That book on late Stravinsky certainly looks interesting. Is it accessible to the mere aficionado?

On the other hand, the précis of Maconie's book (..."Stravinsky lived much of his life in Hollywood"..."his work subtly espoused deeply held political views"...etc.) doesn't really generate much enthusiasm in me, I must confess.  ::)

Does anyone know this book? It better be fantastic, because at almost $100,  it's not really cheap, is it?  >:( :


This book is now available in soft cover with a much more affordable price. I picked my copy for 26 Canadian dollars.

I'm only 10 pages into it. Seems interesting but the writing is a bit stiff.

Offline San Antone

  • Veteran member
  • *
  • Posts: 8046
Re: Books about 20th/21st Century Composers
« Reply #148 on: February 07, 2015, 06:41:50 PM »
Good news.  I bought the Kindle version when I saw the price.

Offline torut

  • Veteran member
  • *
  • Posts: 1012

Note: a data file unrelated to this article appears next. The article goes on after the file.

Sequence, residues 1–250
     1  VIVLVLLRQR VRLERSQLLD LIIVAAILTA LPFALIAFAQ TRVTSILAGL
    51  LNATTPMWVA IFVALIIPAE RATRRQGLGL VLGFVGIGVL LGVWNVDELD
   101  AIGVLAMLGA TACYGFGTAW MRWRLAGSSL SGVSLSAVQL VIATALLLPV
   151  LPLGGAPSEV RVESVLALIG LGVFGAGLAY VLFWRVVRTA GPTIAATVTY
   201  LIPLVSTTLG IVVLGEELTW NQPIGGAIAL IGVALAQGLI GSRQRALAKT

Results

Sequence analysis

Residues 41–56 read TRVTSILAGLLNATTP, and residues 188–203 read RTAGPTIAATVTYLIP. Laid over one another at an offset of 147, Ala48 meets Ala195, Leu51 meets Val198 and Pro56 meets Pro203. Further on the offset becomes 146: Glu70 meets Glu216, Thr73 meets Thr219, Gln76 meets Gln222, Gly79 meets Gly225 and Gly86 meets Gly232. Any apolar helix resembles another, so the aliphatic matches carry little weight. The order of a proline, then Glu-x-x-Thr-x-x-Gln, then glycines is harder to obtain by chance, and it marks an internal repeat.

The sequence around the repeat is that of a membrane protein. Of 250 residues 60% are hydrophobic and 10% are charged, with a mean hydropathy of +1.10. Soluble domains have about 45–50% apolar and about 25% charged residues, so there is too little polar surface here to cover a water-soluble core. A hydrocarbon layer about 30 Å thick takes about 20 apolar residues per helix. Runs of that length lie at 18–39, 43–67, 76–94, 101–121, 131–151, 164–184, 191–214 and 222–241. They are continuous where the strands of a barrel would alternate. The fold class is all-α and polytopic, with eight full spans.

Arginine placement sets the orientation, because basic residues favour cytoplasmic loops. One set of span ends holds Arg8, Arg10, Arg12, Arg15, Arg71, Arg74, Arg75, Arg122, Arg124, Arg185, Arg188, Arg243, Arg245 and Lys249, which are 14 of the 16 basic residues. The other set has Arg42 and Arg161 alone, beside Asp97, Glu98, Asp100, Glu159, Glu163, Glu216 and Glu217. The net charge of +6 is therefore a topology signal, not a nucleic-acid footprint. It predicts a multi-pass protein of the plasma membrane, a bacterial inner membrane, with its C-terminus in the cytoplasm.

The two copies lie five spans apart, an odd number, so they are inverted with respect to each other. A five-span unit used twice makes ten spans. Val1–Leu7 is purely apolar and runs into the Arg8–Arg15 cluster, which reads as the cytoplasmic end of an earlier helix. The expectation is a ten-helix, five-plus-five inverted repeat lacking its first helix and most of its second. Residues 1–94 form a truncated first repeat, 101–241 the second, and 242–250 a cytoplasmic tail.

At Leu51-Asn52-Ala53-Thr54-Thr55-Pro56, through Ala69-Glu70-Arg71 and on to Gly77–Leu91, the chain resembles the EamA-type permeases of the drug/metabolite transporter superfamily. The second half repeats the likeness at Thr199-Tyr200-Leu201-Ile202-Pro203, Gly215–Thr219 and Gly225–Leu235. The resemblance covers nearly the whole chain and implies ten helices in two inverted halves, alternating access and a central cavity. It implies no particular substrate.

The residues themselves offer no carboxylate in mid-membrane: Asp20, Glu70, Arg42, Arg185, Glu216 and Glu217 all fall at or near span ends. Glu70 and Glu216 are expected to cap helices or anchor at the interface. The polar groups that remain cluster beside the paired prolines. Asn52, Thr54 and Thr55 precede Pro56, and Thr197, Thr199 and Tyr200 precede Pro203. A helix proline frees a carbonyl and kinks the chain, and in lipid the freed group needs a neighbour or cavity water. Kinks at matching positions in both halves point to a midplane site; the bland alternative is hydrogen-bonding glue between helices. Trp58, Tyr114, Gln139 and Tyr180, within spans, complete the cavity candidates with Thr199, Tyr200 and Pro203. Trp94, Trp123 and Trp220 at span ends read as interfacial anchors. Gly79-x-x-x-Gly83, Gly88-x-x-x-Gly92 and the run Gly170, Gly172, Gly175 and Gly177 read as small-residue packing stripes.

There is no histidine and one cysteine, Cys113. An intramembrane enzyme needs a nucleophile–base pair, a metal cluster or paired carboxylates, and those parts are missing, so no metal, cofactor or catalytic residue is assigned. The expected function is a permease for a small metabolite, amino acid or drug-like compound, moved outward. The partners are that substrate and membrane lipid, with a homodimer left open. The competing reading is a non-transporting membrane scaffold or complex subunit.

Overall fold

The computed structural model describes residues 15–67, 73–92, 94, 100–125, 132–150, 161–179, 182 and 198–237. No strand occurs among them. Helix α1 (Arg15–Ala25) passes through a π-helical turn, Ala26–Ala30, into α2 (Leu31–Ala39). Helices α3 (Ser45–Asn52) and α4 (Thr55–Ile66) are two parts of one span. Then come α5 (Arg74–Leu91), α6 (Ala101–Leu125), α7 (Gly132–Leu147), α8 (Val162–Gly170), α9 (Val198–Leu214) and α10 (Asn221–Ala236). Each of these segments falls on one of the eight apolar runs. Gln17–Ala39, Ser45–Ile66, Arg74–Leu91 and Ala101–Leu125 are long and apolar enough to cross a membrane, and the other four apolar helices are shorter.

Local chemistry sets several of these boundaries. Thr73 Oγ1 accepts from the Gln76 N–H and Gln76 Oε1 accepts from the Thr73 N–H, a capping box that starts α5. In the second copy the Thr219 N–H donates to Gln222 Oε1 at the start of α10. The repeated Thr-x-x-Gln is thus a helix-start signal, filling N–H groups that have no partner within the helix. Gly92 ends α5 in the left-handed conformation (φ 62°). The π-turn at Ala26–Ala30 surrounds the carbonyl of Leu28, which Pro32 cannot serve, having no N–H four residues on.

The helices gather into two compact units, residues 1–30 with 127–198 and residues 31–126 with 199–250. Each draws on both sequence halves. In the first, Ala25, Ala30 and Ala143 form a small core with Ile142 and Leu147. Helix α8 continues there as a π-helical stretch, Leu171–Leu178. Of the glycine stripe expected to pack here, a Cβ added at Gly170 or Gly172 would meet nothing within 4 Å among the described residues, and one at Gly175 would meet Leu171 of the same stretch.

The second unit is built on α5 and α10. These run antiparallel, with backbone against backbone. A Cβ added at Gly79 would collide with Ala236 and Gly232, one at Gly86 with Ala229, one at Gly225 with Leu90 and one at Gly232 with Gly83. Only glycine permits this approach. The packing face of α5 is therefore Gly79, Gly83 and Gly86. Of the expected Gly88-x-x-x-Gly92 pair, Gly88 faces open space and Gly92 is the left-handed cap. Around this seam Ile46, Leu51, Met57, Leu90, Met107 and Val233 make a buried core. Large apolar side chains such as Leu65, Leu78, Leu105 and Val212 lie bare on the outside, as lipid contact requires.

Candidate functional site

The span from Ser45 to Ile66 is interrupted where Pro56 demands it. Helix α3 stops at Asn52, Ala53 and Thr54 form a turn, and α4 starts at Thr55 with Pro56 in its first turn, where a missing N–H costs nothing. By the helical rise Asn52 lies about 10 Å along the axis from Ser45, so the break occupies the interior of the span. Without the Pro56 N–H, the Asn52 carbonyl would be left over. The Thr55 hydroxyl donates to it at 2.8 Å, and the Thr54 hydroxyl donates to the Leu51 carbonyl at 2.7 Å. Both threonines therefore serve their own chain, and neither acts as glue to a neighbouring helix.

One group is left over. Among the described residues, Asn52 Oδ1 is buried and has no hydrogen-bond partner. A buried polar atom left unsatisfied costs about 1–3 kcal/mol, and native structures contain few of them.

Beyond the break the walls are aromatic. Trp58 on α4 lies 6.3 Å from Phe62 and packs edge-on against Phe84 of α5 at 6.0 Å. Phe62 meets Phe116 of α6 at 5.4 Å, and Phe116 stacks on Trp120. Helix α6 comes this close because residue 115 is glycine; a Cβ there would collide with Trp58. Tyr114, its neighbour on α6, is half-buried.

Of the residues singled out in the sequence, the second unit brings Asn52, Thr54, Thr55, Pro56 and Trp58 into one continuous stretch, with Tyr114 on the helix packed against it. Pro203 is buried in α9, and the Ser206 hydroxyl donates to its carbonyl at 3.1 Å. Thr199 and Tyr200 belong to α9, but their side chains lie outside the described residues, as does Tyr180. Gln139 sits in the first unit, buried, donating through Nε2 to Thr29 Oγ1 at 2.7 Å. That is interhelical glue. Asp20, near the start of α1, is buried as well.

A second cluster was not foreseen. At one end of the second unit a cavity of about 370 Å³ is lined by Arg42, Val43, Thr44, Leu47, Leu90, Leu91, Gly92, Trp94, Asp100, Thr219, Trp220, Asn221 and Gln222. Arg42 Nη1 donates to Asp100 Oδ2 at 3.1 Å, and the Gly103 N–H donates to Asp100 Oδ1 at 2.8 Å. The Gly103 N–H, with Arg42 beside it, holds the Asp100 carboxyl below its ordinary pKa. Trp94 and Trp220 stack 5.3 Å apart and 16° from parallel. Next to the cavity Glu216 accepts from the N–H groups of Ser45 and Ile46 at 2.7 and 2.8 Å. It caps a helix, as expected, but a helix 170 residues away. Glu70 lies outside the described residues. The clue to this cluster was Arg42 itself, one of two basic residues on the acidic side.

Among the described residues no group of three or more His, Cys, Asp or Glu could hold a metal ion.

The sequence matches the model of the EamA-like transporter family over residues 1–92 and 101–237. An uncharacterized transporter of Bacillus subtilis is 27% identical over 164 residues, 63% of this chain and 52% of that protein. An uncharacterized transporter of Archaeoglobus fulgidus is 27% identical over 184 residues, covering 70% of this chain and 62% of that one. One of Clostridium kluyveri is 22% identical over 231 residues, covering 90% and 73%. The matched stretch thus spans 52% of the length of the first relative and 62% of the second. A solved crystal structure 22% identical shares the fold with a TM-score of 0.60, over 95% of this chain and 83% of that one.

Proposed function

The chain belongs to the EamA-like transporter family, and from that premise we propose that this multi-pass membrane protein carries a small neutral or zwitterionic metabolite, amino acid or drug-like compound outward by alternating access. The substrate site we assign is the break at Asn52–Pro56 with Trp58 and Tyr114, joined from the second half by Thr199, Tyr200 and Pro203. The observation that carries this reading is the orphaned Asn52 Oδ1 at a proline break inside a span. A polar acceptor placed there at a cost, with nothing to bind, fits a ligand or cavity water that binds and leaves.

Re: Books about 20th/21st Century Composers
« Reply #149 on: February 07, 2015, 08:02:29 PM »
I ordered it, thank you. The Music Since 1900 series looks interesting, to me especially these three. Has anyone read any of them? They are still expensive, but the paperback of Cage/Tudor Correspondence will be published on March 5. The main chapters of the German book are dedicated to Lachenmann and Rihm. I don't know of books that are devoted to these composers.

Music in Germany since 1968 by Alastair Williams



John Cage and David Tudor: Correspondence on Interpretation and Performance by Dr Martin Iddon



The Spectral Piano: From Liszt, Scriabin, and Debussy to the Digital Age by Marilyn Nonken


Offline Artem

  • Full Member
  • *